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Spinal Surgery Risks

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cindylou_38 View Drop Down
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Post Options Post Options   Thanks (0) Thanks(0)   Quote cindylou_38 Quote  Post ReplyReply Direct Link To This Post Topic: Spinal Surgery Risks
    Posted: Nov/21/2012 at 6:30am

Patients suffering with serious back pain or neck pain sometimes opt for spinal surgery when they believe they have exhausted all options for treatment. The risks and complications of surgery are real and must be considered seriously. We encourage everyone to become informed about therapeutic light laser therapy and non-surgical spinal decompression, before agreeing to undergo the surgeon’s knife. If you are considering spinal (back) surgery to relieve your low back pain or neck pain, you must read on. This article discusses the specific risks and complications of nerve damage.

Spinal Surgery
Spinal surgery of the cervical (upper), thoracic (middle) or lumbar (lower) spinal regions is usually performed to remove any excess bone or soft tissue that may be pressing upon spinal nerves, which govern the functions of many organ systems and extremities. It is undue pressure on nerves that is the source of serious, chronic back pain and neck pain. Any number of conditions may be the cause of the unnatural pressure: bulging or ruptured disc, bone spur formation, bone fragments from trauma, chronic degeneration.

There are different spinal surgery procedures. The most common surgeries are, microdiscectomy, laminectomy and spine fusion.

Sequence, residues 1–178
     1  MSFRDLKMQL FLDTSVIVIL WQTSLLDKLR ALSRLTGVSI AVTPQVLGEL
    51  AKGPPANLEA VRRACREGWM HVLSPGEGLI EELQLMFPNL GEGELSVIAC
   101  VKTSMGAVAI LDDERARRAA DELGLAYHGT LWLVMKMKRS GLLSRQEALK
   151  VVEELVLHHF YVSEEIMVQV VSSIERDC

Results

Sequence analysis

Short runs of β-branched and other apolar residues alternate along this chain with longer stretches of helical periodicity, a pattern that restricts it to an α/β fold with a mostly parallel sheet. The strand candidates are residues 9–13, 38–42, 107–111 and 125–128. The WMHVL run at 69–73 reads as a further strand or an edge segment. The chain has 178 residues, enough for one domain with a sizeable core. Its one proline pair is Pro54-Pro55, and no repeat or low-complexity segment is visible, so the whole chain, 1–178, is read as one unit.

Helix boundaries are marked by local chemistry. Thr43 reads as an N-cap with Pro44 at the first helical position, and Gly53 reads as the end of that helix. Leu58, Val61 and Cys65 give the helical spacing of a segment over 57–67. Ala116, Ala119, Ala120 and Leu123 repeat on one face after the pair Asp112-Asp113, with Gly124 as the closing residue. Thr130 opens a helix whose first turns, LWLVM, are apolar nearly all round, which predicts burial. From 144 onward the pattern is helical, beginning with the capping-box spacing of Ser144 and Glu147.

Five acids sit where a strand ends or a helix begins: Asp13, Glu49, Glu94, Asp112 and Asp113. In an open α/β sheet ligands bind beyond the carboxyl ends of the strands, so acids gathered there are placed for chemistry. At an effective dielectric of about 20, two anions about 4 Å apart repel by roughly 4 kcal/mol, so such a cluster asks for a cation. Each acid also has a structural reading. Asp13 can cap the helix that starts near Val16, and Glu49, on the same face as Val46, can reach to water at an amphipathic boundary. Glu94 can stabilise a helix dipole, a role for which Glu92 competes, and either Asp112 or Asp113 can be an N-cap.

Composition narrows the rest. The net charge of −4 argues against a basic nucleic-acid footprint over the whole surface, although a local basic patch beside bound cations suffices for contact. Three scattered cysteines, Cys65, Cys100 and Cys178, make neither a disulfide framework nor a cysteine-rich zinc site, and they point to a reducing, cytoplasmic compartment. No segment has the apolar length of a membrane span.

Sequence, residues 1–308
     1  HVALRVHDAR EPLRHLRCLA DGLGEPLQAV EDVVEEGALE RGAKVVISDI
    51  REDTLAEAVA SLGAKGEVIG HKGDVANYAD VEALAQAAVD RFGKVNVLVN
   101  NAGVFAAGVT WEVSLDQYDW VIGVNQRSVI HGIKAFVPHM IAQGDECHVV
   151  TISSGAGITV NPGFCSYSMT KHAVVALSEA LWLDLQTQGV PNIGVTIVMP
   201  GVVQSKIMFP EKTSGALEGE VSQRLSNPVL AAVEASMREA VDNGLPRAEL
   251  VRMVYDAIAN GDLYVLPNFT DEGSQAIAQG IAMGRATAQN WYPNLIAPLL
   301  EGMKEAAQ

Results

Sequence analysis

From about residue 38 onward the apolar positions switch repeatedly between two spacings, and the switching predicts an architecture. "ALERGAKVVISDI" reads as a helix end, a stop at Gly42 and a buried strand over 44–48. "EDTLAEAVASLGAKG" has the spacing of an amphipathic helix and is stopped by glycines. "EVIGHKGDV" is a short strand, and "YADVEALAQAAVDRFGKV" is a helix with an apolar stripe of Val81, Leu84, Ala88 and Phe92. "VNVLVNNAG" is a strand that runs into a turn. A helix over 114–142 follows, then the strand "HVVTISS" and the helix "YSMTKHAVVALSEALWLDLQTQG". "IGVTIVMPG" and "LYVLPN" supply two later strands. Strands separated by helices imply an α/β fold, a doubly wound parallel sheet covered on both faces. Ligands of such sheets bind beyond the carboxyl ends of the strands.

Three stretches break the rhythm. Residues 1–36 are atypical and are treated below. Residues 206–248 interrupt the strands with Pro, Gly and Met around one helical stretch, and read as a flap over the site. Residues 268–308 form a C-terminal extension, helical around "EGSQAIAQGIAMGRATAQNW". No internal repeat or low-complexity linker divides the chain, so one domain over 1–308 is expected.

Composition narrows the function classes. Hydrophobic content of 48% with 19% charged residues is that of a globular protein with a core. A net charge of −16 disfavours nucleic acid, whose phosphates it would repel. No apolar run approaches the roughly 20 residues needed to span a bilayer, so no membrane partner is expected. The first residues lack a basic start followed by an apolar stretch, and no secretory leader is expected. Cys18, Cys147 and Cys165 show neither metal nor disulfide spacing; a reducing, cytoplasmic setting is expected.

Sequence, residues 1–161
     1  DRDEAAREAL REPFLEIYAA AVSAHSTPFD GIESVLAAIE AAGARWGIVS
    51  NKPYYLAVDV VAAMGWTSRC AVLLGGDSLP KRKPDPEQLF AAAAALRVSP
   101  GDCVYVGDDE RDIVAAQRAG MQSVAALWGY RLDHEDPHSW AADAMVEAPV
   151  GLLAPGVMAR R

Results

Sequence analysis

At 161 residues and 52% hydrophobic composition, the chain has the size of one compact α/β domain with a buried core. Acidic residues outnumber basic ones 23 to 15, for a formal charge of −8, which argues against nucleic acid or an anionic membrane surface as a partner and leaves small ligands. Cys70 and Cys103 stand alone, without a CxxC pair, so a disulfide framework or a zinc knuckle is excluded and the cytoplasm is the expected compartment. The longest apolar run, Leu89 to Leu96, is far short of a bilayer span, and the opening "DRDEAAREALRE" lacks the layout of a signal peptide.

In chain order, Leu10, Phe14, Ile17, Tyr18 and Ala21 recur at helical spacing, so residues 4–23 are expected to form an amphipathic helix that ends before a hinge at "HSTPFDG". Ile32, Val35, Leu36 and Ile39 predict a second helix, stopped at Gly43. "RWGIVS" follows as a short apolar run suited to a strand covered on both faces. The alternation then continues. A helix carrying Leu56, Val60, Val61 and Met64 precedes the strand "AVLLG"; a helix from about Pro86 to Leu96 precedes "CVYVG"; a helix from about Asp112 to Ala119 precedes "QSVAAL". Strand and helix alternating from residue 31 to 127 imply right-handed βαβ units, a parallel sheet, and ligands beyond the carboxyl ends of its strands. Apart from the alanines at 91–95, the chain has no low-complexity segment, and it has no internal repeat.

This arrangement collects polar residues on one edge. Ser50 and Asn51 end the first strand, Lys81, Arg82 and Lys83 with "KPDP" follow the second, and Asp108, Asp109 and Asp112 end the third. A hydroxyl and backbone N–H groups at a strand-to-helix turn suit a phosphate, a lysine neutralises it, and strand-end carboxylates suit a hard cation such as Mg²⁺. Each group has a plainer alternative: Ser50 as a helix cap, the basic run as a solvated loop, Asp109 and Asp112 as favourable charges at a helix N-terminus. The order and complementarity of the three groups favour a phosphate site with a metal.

The fact that spinal surgery occurs so close to the actual spinal cord and affected spinal nerves makes it a very delicate procedure. One false move by the surgeon can cause lifelong nerve damage or even paralysis. Besides human error, there are real and serious risks to spinal surgery that must be understood and carefully considered. Know the risks and potential outcomes before you make a final decision to allow a surgeon to operate on your spine.

Nerve Damage
The spinal cord contains and is surrounded by delicate nerves. Any time surgery is done on the spine, there is risk of injury or damage to any of these nerves. Nerve damage can result in a compromised nerve signal to the body part affected by the particular nerve. Movement or sensation might be affected. In rare cases of nerve injury, there can be organ failure or paralysis. In extreme cases of autonomic nerve injury, the patient can die.

Functional Loss
Nerve damage or injury can result in functional loss. This is a rare but real risk. Depending upon the pathology and problems the patient is encountering before surgery, functional loss can range from mild, transient partial loss of sensation or movement, to a serious loss of basic bodily functions.

Spinal Cord Injury
Spinal cord injury can occur from instruments used during surgery, from swelling, or from scar formation after surgery. Damage to the spinal cord can cause paralysis in certain areas and not others. Injured nerves can cause pain, numbness, or weakness in the area supplied by the nerve.

Paralysis
If during back surgery there is injury to the spinal cord or an infection sets in, paralysis may occur. This is rare, but the risk is still there.

I give thanks to the following link for this information. http://www.backclinicsofcanada.ca/index.php?/backclinics/article/spinal_back_surgery_risks_and_complications_nerve_damage/